But it is far from clear that the cases where X- field use is causing interop
problems actually constitute "misuse". For example, there have been cases
two parties opted to use the same X- mail header field for their own private,
but sematically different, purposes. (X-Sender is the example that comes to
mind.) The specification of X- in RFC 822 doesn't give you much leverage to
argue that either of them were "misusing" the field.
Would the situation have been any better if some other name (i.e. not
beginning with X-) had been used w/o registration?
Quite possibly. The problem with X- is that it is easy and encourages
unilateral action. Had there been (a) No X- and (b) A simple registration
scheme it is entirely possible that the first user of such a field would have
registered it and subsequent users would have picked up the registration.
And there is precedent for this. When media types were first defined
registration, although possible, was too onerous. This led to a lot of ad-hoc
use. Subsequent revisions to the process have given us a significant rise in
the registration rate. But to the extent X- types were or are still used, they
now constitue a problem rather than a solution.
If there is a conflict in use of an X-
field, the responsible parties can a) work out the issue and come to common
usage or agree to change one or more of the names, or b) the conflict can
This assumes that the responsible parties are willing able to get together and
such things out after the fact. This almost never happens in my
With other field names and with current procedures, there is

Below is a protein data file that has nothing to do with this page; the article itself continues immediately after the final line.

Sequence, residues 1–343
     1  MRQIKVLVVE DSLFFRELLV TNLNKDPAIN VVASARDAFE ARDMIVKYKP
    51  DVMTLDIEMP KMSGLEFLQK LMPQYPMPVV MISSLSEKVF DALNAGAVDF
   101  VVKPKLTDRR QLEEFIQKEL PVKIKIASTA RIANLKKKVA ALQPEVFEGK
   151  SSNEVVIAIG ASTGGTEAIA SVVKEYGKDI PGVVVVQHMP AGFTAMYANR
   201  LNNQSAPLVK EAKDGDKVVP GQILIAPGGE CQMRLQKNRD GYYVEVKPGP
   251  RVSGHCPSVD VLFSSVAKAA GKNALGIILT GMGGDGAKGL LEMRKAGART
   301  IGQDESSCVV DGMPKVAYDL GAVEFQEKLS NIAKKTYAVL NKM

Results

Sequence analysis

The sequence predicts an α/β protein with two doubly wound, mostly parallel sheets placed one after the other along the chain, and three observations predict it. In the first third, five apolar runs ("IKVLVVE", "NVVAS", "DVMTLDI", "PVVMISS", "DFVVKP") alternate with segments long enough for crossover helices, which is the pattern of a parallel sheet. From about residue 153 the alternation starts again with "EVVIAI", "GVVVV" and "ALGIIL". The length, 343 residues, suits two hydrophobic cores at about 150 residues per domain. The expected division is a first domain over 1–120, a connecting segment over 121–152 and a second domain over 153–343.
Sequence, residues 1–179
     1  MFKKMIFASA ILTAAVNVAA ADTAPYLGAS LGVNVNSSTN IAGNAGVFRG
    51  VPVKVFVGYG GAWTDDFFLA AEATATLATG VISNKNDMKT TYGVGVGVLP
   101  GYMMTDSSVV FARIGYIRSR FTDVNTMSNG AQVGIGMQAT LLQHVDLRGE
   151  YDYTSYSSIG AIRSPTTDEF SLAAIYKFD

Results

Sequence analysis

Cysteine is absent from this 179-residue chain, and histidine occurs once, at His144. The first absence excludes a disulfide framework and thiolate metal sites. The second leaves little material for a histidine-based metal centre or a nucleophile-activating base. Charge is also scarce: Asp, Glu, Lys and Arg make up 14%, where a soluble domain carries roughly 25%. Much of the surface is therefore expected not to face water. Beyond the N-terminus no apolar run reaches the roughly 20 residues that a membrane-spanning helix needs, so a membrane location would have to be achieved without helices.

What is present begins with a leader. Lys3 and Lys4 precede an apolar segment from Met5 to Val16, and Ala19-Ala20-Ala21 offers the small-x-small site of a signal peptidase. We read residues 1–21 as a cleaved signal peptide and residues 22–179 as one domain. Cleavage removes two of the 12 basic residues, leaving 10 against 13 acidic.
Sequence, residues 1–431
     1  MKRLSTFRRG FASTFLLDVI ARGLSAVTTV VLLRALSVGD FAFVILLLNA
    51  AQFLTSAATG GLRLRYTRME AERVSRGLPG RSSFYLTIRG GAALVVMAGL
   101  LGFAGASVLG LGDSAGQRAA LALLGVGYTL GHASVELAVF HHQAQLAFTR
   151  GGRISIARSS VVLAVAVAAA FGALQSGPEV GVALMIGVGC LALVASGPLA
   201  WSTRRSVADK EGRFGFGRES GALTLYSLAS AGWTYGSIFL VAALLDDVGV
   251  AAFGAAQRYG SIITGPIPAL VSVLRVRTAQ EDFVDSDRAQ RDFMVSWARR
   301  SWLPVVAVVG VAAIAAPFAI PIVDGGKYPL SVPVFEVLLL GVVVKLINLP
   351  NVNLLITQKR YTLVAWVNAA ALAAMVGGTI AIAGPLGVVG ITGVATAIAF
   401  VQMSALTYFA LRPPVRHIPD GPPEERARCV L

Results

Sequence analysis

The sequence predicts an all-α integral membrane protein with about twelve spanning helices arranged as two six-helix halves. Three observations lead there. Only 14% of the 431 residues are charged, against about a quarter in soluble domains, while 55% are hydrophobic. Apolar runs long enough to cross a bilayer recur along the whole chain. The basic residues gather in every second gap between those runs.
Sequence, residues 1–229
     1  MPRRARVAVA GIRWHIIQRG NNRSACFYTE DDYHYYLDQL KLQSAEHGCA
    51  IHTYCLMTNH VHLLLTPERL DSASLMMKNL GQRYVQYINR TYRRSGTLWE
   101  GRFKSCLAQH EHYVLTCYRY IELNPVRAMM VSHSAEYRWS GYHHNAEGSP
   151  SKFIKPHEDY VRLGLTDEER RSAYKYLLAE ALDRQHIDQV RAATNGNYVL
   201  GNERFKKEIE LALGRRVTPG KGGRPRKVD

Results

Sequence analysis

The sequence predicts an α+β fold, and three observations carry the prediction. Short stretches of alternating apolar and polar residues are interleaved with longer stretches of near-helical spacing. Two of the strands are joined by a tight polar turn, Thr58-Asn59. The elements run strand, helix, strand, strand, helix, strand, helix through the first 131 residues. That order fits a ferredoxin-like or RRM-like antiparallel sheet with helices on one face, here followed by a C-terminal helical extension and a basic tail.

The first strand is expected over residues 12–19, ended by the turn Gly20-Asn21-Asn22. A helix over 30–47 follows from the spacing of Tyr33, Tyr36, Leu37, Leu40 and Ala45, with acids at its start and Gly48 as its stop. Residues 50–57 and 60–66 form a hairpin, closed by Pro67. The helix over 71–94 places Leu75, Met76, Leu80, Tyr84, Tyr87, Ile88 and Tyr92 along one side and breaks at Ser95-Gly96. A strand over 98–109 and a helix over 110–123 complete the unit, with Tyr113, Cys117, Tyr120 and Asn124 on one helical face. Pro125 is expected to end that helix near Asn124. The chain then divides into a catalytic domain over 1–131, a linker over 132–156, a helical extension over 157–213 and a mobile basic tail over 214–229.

another option, viz. one of the parties can issue an RFC registering the name.
There have been attempts to do this in the past. The degree of pushback
experienced killed almost all of them.
guarantee that the IETF will be aware of the other use, and it may well
case that a more useful (unregistered) field is ignored. Moreover,
guarantee that use of the same name will not continue for the unregistered
purpose (and no official means of enforcement). And as has been noted by
others in this discussion, registration without vetting is likely to make
worse, e.g. by polluting the non X- namespace with items of questionable (or
The incredible number of unregistered non-X- fields in wide use discredits this
assertion rather completely, I think. And again, I would much rather know how
something was designed to be used, warts and all, than have to guess.
I see it the other way around. Given that interop problems are known
to exist the burden should instead be on the proponents of X- to
make a case for the continued inclusion of the feature being worth it.
Let's keep things in perspective. Have the interoperability problems
with X- header fields been minor annoyances, or have they caused massive
They have on occasion caused massive disruptions. X-PMrpc is an example of a
field that caused serious operational problems at one point; there are others
Would things have been any better without X- given the current
realities (e.g. no registration procedure other than publication of an RFC, no
means of enforcement) and given similar circumstances (i.e. use of the same
field name for different purposes)?
This is soon not to be the current reality. A registration proposal is in front
of the IESG now. And it changes things substantially. Without it I see little
point in worrying about X-. But once it is in place I think X- becomes actively
harmful and I don't want to see it reintroduced.
I really didn't intend to be drawn into this whole debate; my only purpose in
posting my initial message was to answer your request for citations of X-
experience in other areas (which we have seen does not exactly constitute a
ringing endorsement of the concept). So I'm cutting this off now and it is
unlikely I will post additional messages on this topic.